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CABI Book Chapter

Animal welfare.

Book cover for Animal welfare.

Description

This third edition of "Animal Welfare" has 407 pages and is divided into five parts. Part I, Issues, introduces the background and philosophy of the subject. Part II covers problems for animal welfare, starting in chapter 3 with the animal's interactions with its environment. The following four chapters use categories similar to the UK Farm Animal Welfare Committee's (undated) Five Freedoms, altho...

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Chapter 4 (Page no: 56)

Hunger and thirst.

It has been argued that the recommendation of 'freedom from hunger and thirst' leads to confusion because it is generally assumed that hunger and thirst are required 'triggers' for an animal to start feeding or drinking. Here, we consider what constitutes 'normal' feeding and drinking behaviour. All animals have such preferred or 'normal' behaviours, which are structured in bouts or meals. Such behaviours are very flexible, and there is little evidence to suggest that deviations from a preferred feeding or drinking behaviour have significant welfare consequences. Because free and continuous access to a high-quality food leads to overweight, obesity and other problems, animal keepers impose a degree of quantitative or qualitative feeding restriction on animals, which may be associated with effects on animal behaviour. There is agreement between studies about behavioural changes that can be observed when food is qualitatively, compared to quantitatively, restricted, but less so when physiological indicators of hunger are considered. These behavioural changes are interpreted by some as signs of improved welfare when animals are qualitatively restricted. Severe food restriction is considered here as undernutrition and its effects on animals (ill thrift, poor performance, severe deterioration of health and eventual death) are well established. Malnutrition arises when an animal is given access to food which is inappropriately balanced. Severe malnutrition leads to problems similar to nutrient restriction, and in addition may give rise to obesity. However, whether subtle cases of malnutrition lead to any behavioural changes and deteriorations in welfare is subject to debate. Finally, we suggest substituting the term thirst with that of 'water restriction', which may arise intentionally or unintentionally. Because of the many functions water performs, even short-term restriction will lead to deterioration in health and welfare. There are many instances where water restriction can arise unintentionally, despite the fact that animal keepers frequently take the free and continuous availability of water for granted, and these are considered here.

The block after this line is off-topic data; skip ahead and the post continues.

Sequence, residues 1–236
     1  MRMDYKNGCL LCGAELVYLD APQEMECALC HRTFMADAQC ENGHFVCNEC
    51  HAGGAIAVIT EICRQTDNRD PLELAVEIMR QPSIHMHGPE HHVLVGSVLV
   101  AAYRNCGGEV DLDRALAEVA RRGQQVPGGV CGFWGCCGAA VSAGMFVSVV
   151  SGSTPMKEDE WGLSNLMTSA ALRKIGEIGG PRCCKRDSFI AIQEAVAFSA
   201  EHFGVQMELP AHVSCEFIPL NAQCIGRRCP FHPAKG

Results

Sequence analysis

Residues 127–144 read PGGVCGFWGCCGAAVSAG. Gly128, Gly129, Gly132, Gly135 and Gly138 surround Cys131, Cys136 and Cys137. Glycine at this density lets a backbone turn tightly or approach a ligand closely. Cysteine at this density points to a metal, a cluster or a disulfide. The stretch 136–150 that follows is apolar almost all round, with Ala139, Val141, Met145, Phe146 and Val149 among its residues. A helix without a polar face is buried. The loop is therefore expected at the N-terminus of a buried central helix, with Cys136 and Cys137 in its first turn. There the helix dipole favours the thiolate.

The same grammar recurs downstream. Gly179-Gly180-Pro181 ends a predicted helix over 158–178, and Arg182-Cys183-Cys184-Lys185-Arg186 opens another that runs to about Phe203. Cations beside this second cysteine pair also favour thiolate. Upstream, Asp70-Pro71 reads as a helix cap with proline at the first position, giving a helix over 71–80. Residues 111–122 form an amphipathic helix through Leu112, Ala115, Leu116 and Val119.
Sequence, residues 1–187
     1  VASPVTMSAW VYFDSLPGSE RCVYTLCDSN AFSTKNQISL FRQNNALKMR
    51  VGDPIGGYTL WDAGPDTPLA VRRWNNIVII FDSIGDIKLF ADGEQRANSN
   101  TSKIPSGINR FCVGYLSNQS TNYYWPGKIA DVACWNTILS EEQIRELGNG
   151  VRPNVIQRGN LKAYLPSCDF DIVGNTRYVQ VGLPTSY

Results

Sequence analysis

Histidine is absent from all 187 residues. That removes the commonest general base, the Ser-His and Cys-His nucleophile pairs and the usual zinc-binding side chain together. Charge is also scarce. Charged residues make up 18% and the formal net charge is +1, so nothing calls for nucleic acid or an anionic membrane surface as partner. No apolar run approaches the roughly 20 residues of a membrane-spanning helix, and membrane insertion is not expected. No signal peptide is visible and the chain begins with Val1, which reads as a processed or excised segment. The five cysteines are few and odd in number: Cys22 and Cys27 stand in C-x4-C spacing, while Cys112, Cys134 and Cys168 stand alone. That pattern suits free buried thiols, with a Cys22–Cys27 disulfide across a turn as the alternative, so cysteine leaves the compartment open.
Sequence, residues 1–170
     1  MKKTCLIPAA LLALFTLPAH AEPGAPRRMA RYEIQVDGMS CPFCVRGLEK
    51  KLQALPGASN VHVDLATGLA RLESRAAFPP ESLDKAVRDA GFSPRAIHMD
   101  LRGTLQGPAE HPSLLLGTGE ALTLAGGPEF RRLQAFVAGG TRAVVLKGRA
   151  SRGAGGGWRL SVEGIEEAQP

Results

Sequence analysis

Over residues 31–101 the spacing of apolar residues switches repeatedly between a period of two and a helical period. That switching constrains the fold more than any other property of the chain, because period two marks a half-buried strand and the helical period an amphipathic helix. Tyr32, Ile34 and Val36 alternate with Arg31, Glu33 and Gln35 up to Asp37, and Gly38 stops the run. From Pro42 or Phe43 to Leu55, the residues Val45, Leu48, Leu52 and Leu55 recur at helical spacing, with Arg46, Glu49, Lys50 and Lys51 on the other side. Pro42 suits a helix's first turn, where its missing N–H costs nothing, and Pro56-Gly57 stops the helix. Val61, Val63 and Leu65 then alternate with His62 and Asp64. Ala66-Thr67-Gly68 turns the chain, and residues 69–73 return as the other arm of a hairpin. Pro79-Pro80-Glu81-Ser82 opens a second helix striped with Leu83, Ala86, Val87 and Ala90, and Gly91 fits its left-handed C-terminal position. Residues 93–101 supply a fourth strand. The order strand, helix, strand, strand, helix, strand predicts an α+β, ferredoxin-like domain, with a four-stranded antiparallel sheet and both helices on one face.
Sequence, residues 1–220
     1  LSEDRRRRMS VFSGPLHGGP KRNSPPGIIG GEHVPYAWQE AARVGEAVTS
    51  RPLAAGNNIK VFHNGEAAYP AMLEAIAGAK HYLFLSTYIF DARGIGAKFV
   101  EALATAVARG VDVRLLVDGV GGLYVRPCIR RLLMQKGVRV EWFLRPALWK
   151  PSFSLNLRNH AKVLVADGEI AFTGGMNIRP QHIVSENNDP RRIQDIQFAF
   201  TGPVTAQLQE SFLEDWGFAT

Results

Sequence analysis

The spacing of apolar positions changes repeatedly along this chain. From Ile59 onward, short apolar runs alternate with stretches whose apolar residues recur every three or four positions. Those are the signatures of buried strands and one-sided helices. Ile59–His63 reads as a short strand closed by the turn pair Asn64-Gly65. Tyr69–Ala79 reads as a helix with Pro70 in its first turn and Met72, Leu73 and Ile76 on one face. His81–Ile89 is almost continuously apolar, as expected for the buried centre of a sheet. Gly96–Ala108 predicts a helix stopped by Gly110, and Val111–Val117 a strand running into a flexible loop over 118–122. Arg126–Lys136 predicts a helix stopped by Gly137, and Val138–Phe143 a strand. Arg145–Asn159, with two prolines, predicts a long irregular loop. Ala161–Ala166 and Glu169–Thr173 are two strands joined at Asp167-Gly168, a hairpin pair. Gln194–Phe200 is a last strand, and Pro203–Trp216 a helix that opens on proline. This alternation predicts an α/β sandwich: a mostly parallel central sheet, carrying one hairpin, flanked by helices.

Other chapters from this book

Chapter: 1 (Page no: 3) Animal ethics. Author(s): Palmer, C. Sandøe, P.
Chapter: 2 (Page no: 16) Understanding animal welfare. Author(s): Keeling, L. J. Rushen, J. Duncan, I. J. H.
Chapter: 3 (Page no: 39) Environmental challenge and animal agency. Author(s): Špinka, M. Wemelsfelder, F.
Chapter: 5 (Page no: 76) Pain. Author(s): Viñuela-Fernández, I. Weary, D. M. Flecknell, P. A.
Chapter: 6 (Page no: 92) Fear and other negative emotions. Author(s): Boissy, A. Dwyer, C. M. Jones, R. B.
Chapter: 7 (Page no: 114) Frustration and boredom in impoverished environments. Author(s): Mason, G. J. Burn, C. C.
Chapter: 8 (Page no: 141) Health and disease. Author(s): Cockram, M. S. Hughes, B. O.
Chapter: 9 (Page no: 160) Behaviour. Author(s): Olsson, I. A. S. Würbel, H. Mench, J. A.
Chapter: 10 (Page no: 181) Physiology. Author(s): Blache, D. Terlouw, C. Maloney, S. K.
Chapter: 11 (Page no: 213) Preference and motivation research. Author(s): Fraser, D. Nicol, C. J.
Chapter: 12 (Page no: 232) Practical strategies to assess (and improve) welfare. Author(s): Butterworth, A. Mench, J. A. Wielebnowski, N. Olsson, I. A. S.
Chapter: 13 (Page no: 253) Physical conditions. Author(s): Nielsen, B. L. Appleby, M. C. Waran, N. K.
Chapter: 14 (Page no: 271) Social conditions. Author(s): Galindo, F. Newberry, R. C. Mendl, M.
Chapter: 15 (Page no: 294) Human contact. Author(s): Hemsworth, P. H. Sherwen, S. L. Coleman, G. J.
Chapter: 16 (Page no: 315) Genetic selection. Author(s): Hocking, P. M. D'Eath, R. B. Kjaer, J. B.
Chapter: 17 (Page no: 335) Economics. Author(s): Bennett, R. M. Thompson, P.
Chapter: 18 (Page no: 349) Regulation, enforcement and incentives. Author(s): Knierim, U. Pajor, E. A.
Chapter: 19 (Page no: 362) International issues. Author(s): Appleby, M. C. Huertas, S. M.

Chapter details

  • Author Affiliation
  • School of Agriculture and Rural Development, Newcastle University, Newcastle upon Tyne NE1 7RU, UK.
  • Year of Publication
  • 2018
  • ISBN
  • 9781786390202
  • Record Number
  • 20183074169